If the program isn't connected to a company, ask about the opportunities alumni have landed since graduating. Does the school regularly place dancers into companies, and do they appear to have strong connections with the ones you're most interested in?

Faculty backgrounds: Research the program's artistic staff, including the director, ballet masters and teachers. Look online for speeches or classes your presumptive teachers have previously given to see if they resonate. "Most directors have a real history," says Rodriguez. "Is his or her artistic career something intriguing to you? Do you think participating in an environment led by someone with their experience will help you grow?"

Getting your questions answered

In 2021, your best method for gathering information will always be the company's website. For example, on the Frequently Asked Questions page of Joffrey Academy's website, you will find a downloadable Parent and Student Handbook that covers many of the questions mentioned above.

You can also discover the school's stylistic and technical tendencies on their Instagram and YouTube pages. Plus, during a time when in-person tours are rare, exploring a school's feed can give you a sense of their facilities. You may also want to use social media to seek out former students to get deeper insight. "Ask them what the pros and cons of their experience was," Du says.

A blonde teenage ballet student in a long white tutu and burgundy peasant bodice performs onstage in front of a blue backdrop. Holding her skirt, she brushes her left leg into an attitude derriere while in pli\u00e9 on her right leg, and looks to her right with a confident smile.

A student from International City School of Ballet

Karl Hoffman Photography, Courtesy International City School of Ballet

If you still have questions, Aucoin recommends emailing the school or requesting a phone conversation. "Sometimes, if there are a lot of inquiries, it's just easier to talk on the phone."

Of course, the best way to get to know a school is to visit in person, especially once travel restrictions are lifted and it's safer to take class with groups. Summer intensives are an ideal way to do that, but you could also try to schedule a visit during the school year. "In all honesty, it's the easiest way for students to get to know the program, and for us to get to know them, as well," says Aucoin.

Latest Posts


The author, Lucy Van Cleef, dancing Balanchine's Serenade at Los Angeles Ballet. Reed Hutchinson, Courtesy Los Angeles Ballet

My 12-Year Journey to a Bachelor’s Degree While Dancing Professionally

If you'd have told me in 2009 that it would take 12 years to earn my bachelor's degree, I never would have believed you. Back then, I was a dancer in my early 20s and in my second year with Los Angeles Ballet. I was used to the straightforward demands of the professional ballet world. I knew that hard work and willpower were the currency you paid in the studio, and that the thrill of live performance made all that investment worth it. What I didn't know then is how life's twists and turns aren't always so straightforward. In hindsight, I can see how my winding road to higher education has strengthened me—and my relationship with the ballet world—more than I ever could have imagined.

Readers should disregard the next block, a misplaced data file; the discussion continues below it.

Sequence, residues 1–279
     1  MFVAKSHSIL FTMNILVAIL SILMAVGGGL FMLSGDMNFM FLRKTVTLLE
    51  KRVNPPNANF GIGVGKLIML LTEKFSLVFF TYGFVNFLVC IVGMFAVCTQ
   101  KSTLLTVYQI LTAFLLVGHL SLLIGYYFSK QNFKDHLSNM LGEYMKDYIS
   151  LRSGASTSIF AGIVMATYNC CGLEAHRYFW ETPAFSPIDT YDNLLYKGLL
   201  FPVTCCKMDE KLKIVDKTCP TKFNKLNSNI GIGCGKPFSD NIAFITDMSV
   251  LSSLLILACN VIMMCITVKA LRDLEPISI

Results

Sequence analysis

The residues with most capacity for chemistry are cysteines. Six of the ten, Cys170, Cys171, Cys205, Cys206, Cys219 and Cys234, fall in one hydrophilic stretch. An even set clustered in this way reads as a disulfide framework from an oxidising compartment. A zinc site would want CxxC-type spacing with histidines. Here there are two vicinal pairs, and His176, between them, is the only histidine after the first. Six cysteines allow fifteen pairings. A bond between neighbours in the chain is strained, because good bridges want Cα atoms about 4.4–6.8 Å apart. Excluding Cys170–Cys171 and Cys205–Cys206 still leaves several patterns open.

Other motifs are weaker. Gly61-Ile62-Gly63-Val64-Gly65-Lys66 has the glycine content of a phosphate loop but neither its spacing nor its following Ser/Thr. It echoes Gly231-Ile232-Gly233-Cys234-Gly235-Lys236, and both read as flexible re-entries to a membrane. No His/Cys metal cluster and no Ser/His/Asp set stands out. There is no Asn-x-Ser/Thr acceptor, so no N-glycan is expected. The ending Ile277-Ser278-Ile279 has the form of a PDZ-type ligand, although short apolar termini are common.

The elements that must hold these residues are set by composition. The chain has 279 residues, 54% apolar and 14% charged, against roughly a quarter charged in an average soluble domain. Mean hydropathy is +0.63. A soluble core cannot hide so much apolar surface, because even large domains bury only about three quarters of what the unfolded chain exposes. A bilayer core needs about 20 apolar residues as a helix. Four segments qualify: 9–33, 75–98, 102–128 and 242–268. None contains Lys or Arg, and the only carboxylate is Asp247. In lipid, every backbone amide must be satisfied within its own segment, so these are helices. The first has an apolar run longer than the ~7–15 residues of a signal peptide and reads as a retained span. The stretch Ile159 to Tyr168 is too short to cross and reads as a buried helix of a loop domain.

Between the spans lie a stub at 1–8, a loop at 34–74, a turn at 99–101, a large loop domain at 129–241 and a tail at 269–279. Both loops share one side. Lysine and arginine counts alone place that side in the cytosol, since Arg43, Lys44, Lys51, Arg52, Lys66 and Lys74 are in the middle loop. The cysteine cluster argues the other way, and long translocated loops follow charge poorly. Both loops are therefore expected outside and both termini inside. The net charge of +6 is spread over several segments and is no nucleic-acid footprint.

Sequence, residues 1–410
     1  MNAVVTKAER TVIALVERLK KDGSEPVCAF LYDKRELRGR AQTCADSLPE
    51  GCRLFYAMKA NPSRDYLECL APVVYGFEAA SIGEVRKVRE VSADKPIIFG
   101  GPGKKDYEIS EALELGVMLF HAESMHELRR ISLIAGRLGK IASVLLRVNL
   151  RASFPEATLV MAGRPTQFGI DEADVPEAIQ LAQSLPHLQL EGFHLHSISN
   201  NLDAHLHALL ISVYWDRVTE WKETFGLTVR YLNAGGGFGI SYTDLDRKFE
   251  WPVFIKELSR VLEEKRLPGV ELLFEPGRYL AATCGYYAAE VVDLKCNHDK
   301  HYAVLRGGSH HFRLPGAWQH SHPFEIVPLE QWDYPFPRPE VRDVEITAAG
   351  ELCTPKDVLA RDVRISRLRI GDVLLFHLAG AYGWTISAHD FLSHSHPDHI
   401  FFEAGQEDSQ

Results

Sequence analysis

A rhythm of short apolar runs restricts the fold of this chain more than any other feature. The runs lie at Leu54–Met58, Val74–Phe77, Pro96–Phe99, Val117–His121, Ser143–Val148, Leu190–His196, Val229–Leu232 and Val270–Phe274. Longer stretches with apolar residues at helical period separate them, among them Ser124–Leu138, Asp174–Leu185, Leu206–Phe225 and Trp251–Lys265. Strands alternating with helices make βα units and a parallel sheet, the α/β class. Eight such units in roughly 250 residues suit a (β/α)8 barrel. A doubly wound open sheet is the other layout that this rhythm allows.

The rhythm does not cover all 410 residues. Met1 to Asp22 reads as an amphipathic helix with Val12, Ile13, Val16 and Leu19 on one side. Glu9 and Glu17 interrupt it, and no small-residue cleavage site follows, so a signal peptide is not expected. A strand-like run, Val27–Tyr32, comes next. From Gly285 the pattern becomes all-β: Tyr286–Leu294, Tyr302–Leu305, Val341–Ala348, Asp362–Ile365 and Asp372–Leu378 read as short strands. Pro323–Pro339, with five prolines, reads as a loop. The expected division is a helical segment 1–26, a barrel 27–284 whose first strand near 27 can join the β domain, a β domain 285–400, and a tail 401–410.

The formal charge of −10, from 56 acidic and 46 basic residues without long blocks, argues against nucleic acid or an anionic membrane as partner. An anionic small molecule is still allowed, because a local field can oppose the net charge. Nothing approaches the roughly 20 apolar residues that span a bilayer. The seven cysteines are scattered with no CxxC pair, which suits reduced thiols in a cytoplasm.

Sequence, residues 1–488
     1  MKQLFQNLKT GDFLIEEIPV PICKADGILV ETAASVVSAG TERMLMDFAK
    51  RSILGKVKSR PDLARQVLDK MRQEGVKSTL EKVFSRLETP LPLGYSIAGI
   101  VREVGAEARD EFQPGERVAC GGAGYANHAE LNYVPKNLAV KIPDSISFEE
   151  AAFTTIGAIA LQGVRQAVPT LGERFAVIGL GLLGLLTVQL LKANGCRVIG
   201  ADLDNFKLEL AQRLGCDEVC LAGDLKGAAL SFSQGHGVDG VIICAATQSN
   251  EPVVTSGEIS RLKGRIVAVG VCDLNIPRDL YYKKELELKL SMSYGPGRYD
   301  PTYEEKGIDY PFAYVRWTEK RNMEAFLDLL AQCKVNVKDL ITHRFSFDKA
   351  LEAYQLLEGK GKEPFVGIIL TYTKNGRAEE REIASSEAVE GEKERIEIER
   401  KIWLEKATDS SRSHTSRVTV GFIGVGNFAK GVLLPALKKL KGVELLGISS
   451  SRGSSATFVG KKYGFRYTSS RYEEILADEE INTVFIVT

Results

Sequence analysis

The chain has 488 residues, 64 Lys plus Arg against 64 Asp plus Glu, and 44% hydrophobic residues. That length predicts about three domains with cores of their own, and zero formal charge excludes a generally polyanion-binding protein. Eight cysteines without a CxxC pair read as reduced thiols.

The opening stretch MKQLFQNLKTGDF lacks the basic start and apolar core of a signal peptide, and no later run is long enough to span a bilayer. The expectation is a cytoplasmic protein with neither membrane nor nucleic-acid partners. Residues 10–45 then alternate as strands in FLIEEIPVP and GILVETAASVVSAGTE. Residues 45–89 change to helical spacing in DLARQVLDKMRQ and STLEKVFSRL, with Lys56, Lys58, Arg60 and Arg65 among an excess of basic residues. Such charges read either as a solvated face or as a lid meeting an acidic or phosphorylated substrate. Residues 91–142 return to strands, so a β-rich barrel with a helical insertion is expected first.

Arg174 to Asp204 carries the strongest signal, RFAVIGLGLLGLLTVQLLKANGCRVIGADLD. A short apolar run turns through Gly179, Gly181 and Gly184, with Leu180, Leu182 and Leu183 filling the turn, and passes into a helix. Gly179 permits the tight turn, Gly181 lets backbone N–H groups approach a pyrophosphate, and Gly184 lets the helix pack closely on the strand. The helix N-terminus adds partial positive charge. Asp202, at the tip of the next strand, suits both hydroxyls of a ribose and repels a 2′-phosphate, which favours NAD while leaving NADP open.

Keep reading SHOW LESS
Michael Cousmano, AKA Madame Olga. Courtesy When I'm Her

New Documentary "When I’m Her" Shows How Madame Olga’s Positive Affirmations Can Transform Ballet

Michael "Mikey" Cusumano was a rising star at American Ballet Theatre in the 1990s, joining the company at 15 years old and dancing principal roles by age 16. But the high pressure of ballet proved detrimental to his emotional and mental well-being. "I couldn't find the joy in ballet anymore," says Cusumano.

After 10 years as a professional ballet dancer, Cusumano transitioned to Broadway, where his alter ego, a sparkly-turban–wearing Russian ballet instructor named Madame Olga, was able to fully emerge. In Madame Olga, Cusumano became the ballet teacher he wished he had growing up. While Olga's classes feature the same technical rigor as any other intermediate-advanced ballet class, they also incorporate her signature humor and positive affirmations. It's common for Madame Olga's students to vocalize those affirmations while dancing (for example, saying "love" out loud while doing an adagio combination).

Keep reading SHOW LESS
New York City Ballet principal and Dance Against Cancer Co-Founder Daniel Ulbricht in New York City's Columbus Circle. Travis Magee, Courtesy DAC.

Dance Against Cancer Is Back With a Starry Outdoor Gala—and It Will Also Be Livestreamed

The annual Dance Against Cancer gala is back in full force this year, bringing major dance stars together on Monday, June 21, to raise money for the American Cancer Society. Held in Lincoln Center's outdoor Damrosch Park, it will be New York City's largest in-person ticketed event since the onset of the pandemic. And for the first time, this year's gala will also be livestreamed by Nel Shelby Productions for international audiences. The evening's finale—a tribute to first responders, medical professionals, educators, mentors and other heroes who have lost their lives to cancer or are battling it—stars special guest Kevin Boseman, a former dancer with Alvin Ailey American Dance Theater and Martha Graham Dance Company, a cancer survivor, and the brother of the late actor Chadwick Boseman.

Keep reading SHOW LESS

Editors' Picks